Why it's sensible to insure against ‘bad debt'

The collapse of Carillion in January had a knock-on effect for many other businesses
Eileen Watt

THERE will always be winners and losers in business. And sometimes there is a run of bad news, which has been the case recently with difficult announcements made by firms such as Wrightbus and Lagan Construction.

The most significant casualty, though, has been the collapse of Carillion, the UK's second largest construction firm. With over 20,000 employees across the UK, including contract work in Northern Ireland, this is a worrying time for employees and their families.

But the economic consequences don't end with Carillion's staff, because there will undoubtedly be a knock-on effect for other businesses.

It can be difficult to gauge the magnitude of Carillion's operations, but it's estimated that around 30,000 businesses – suppliers and contractors – will be affected. The company's demise is a shock for its entire supply chain, and many business owners are looking at the prospect of significant losses from goods and services already supplied to Carillion.

The tragedy is that some excellent businesses may be brought down as ‘collateral damage' with Carillion's fall, but it needn't be that way.

Insurance is about managing risk and that includes the prospect of customers not being able to pay their bills. One way to mitigate that risk is credit insurance which covers you in the event of a bad debt through Insolvency or Default situations.

The great thing about these policies is that they are designed for all sorts of businesses from SMEs to global companies – plus it can also be tailored depending on the sector you operate in.

Winning new business can be hard enough, but knowing that you have insurance before taking on new contracts gives you more peace of mind. Credit insurance is a cost effective way to ensure you get paid for the products and services that you provide. It provides the reassurance that comes with knowing you're protected against those unexpected instances of customer insolvency and protracted default situations.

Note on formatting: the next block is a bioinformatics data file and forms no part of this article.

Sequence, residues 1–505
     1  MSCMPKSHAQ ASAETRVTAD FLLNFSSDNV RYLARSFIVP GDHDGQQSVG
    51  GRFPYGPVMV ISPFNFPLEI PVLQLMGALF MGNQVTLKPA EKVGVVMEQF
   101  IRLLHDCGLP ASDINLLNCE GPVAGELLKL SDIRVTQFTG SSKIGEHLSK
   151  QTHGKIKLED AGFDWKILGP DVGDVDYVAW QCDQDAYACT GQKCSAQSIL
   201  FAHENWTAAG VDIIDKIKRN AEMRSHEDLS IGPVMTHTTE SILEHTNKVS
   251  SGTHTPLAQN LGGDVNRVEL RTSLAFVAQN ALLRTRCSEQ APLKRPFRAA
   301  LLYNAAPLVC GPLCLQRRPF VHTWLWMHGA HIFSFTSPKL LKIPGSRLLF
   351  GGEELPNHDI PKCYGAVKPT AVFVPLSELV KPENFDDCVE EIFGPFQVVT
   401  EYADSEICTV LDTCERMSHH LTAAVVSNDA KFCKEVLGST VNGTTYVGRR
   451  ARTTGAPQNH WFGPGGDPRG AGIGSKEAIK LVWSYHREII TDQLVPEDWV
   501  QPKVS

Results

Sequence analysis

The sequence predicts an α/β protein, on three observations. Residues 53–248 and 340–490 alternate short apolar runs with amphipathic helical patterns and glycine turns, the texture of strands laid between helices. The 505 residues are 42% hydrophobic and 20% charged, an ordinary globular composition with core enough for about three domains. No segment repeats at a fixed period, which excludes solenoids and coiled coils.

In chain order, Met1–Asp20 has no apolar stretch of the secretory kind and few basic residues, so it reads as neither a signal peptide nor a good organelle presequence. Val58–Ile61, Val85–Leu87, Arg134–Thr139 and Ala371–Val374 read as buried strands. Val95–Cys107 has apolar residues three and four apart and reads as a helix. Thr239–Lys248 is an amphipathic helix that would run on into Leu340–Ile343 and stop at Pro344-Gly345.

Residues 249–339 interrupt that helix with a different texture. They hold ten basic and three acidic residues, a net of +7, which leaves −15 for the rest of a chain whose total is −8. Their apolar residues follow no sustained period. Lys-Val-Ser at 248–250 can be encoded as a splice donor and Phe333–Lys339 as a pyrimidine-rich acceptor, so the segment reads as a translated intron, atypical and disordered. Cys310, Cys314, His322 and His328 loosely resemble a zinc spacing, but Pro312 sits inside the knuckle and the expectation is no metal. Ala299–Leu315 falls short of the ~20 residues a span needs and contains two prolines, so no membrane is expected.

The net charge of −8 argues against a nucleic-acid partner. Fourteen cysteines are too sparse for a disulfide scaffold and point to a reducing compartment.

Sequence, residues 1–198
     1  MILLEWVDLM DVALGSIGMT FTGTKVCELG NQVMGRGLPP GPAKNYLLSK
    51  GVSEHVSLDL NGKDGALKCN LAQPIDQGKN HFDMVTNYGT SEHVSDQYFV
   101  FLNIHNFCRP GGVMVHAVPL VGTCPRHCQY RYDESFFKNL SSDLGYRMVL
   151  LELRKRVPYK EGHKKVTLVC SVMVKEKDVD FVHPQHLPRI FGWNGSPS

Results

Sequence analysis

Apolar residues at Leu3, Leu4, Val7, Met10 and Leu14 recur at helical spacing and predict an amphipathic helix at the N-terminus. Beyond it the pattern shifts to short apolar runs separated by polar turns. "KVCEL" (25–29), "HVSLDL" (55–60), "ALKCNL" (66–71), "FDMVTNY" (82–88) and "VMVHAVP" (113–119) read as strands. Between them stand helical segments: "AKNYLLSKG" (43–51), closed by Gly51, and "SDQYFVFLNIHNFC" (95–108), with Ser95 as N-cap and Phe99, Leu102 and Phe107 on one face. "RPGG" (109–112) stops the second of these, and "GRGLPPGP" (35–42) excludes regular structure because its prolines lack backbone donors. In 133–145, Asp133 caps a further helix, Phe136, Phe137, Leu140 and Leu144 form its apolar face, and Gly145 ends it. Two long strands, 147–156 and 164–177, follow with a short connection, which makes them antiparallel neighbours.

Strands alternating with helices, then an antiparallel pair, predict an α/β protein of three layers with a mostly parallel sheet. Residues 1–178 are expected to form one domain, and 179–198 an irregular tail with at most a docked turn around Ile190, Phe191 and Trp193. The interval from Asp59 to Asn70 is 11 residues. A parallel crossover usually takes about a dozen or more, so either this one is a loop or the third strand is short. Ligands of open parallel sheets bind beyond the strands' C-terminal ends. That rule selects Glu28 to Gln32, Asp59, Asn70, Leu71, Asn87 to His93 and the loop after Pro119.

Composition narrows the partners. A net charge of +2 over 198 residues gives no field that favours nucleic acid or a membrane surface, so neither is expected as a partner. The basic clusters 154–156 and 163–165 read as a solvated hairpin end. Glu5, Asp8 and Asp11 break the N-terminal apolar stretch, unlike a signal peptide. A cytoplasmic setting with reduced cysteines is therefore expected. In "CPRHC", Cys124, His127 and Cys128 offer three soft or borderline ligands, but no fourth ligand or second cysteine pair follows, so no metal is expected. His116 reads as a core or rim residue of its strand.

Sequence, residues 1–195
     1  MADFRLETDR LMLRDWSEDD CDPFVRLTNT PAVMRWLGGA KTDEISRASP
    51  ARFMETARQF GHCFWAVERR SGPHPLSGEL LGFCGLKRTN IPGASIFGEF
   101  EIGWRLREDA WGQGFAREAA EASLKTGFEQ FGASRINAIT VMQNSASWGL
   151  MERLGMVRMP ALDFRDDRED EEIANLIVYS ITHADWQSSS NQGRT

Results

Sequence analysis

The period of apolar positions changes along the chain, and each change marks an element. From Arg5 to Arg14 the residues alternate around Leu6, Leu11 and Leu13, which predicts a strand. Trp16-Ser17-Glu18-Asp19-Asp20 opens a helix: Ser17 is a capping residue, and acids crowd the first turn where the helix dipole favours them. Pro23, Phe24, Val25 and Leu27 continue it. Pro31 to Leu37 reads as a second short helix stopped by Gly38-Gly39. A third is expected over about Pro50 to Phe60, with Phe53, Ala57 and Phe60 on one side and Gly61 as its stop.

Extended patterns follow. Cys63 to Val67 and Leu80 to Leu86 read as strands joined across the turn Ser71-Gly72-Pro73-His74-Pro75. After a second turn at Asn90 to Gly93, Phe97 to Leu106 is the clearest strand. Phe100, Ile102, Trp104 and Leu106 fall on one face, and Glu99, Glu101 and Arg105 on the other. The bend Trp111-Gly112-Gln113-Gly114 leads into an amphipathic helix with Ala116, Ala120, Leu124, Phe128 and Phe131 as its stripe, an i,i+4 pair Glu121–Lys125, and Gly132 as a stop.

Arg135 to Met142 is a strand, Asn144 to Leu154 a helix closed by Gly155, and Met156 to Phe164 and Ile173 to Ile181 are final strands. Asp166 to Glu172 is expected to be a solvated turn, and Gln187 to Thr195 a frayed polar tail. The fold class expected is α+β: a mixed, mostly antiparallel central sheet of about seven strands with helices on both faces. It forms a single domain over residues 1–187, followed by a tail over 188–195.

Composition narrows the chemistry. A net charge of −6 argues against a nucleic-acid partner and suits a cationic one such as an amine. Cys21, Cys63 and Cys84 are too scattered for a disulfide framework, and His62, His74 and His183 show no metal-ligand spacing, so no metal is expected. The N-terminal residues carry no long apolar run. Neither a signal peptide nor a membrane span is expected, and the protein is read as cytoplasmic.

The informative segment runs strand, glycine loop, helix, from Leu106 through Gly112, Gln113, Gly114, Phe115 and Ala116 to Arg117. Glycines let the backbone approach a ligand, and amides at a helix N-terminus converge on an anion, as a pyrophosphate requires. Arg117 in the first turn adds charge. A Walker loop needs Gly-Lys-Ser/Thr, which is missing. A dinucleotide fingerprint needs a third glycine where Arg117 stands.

The policy, though, isn't just about protecting your business after a customer defaults on a contract, it's also designed to help grow your business in the here and now, knowing that you have insurance in place.

Credit insurance provides businesses with a safe platform on which to expand their sales and operations. It provides the confidence to work with new customers and to sell on an open account basis. This can be a major competitive advantage when tendering for new business, especially in overseas markets.

Brokers can also provide detailed market intelligence on potential customers and the policy can open up better borrowing and financing options. In some cases, credit insurance is required to obtain new banking facilities, giving your lender the reassurance they need to extend you additional finance.

Another upside is that your firm can benefit from a healthier balance sheet, as there will be less need to make a bad debt provision.

It's expected that trade credit insurers will pay out £31 million to former Carillion suppliers and in 2016 the industry paid out £210 million for non-payment alone.

Despite this, less than a third of UK firms have credit insurance, leaving themselves open to unnecessary risk. Taking time to assess its relevance for your business could be the best decision you make all year.

:: Eileen Watt is credit insurance executive Autoline Insurance Group (

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